Coalition Building

Harvey Milk realized it was important for the LGBT community to make friends with other groups fighting for social justice issues. In 1974, The Teamsters – a powerful labor union – attempted to organize a strike against Coors Beer because they refused to sign a union contract. Milk formed a coalition with The Teamsters and helped organized a boycott. He urged the gay bars in the area to stop selling Coors. Milk’s boycott was successful and he had found a strong ally in the Teamsters. Milk was able to show solidarity by supporting the goals of the Teamsters while also showing that the gay community had the power to make change within the San Francisco community as a whole.

One of our most effective tools in fighting oppression is coalition building. Coalition building is essentially building relationships with like-minded groups with the purpose of creating a united front. This practice enables activists to form partnerships that they might not have considered. These relationships can produce new ideas that one group may not have thought of on their own.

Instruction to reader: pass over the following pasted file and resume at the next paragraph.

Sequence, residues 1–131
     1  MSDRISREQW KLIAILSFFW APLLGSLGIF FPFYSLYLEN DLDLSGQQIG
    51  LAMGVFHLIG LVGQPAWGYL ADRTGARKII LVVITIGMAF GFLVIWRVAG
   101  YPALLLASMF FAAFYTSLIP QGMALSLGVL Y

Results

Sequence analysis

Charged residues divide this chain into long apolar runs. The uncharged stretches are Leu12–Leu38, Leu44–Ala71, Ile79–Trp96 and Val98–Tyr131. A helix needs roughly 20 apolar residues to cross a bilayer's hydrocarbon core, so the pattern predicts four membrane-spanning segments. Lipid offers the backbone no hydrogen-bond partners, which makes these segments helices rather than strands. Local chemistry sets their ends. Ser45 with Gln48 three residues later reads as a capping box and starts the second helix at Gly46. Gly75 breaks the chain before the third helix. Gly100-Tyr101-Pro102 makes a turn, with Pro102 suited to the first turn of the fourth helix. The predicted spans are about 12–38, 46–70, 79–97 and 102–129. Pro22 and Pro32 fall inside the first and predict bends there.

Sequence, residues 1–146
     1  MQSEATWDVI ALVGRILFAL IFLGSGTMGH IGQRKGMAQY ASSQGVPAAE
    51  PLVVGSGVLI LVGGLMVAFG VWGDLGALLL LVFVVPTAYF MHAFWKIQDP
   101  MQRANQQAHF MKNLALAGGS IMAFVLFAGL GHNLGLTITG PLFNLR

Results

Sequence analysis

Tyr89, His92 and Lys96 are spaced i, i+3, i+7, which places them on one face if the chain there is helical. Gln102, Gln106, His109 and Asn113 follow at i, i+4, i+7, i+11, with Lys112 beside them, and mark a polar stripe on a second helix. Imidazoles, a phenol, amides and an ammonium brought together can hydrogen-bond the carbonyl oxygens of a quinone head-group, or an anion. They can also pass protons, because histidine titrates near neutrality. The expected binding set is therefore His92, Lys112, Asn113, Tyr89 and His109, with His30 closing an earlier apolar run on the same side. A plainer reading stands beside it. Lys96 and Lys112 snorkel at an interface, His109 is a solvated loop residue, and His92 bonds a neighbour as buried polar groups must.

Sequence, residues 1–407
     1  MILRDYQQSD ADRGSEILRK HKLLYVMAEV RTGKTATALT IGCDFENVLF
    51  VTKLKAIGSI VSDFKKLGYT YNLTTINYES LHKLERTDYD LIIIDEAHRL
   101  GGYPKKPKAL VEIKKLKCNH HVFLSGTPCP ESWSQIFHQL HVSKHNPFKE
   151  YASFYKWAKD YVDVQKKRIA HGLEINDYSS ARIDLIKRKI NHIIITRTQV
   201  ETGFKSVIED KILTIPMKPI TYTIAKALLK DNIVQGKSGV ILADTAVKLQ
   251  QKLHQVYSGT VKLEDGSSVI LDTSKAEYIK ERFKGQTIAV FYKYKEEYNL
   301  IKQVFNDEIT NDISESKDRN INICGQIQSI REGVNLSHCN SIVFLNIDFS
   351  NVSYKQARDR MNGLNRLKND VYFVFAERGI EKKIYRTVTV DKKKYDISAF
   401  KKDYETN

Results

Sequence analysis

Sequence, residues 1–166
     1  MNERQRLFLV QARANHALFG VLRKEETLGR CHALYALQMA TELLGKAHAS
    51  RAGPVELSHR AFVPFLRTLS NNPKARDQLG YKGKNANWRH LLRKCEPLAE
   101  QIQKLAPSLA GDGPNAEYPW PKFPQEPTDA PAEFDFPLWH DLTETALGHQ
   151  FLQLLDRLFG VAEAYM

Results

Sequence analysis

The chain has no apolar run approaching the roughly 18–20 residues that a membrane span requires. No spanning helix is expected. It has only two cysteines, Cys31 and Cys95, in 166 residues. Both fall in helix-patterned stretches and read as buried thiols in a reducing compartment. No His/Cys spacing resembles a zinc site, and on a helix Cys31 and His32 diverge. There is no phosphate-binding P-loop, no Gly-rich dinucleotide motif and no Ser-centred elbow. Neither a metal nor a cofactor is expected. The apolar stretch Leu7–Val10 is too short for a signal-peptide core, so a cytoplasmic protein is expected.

• How can you recognize an ally in your school?
  • What allies do you have in your school?
  • What are some steps you can take to build coalitions between different groups at your school to act in solidarity against issues like bullying, homophobia and heterosexism?

Use this worksheet to find ways you can build coalitions at your school.

Have students come up with ideas and discuss in small groups some ways that they could use a platform that addresses issues of bullying, homophobia and heterosexism in a way that shows how such issues affect the entire school community in order to build coalitions and solidarity among students.